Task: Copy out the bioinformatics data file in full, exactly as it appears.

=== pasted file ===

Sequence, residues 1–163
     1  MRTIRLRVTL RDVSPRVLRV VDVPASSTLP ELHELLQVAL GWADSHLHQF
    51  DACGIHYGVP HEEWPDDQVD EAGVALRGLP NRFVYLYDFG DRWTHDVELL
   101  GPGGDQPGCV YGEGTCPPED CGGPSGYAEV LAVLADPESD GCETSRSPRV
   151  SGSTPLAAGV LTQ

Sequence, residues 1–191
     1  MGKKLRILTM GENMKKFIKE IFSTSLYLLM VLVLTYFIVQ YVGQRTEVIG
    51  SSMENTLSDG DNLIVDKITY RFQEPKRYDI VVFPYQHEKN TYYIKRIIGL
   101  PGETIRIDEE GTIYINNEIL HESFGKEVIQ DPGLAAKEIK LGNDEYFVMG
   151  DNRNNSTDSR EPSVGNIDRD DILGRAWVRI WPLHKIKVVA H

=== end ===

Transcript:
Sequence, residues 1–163
     1  MRTIRLRVTL RDVSPRVLRV VDVPASSTLP ELHELLQVAL GWADSHLHQF
    51  DACGIHYGVP HEEWPDDQVD EAGVALRGLP NRFVYLYDFG DRWTHDVELL
   101  GPGGDQPGCV YGEGTCPPED CGGPSGYAEV LAVLADPESD GCETSRSPRV
   151  SGSTPLAAGV LTQ

Sequence, residues 1–191
     1  MGKKLRILTM GENMKKFIKE IFSTSLYLLM VLVLTYFIVQ YVGQRTEVIG
    51  SSMENTLSDG DNLIVDKITY RFQEPKRYDI VVFPYQHEKN TYYIKRIIGL
   101  PGETIRIDEE GTIYINNEIL HESFGKEVIQ DPGLAAKEIK LGNDEYFVMG
   151  DNRNNSTDSR EPSVGNIDRD DILGRAWVRI WPLHKIKVVA H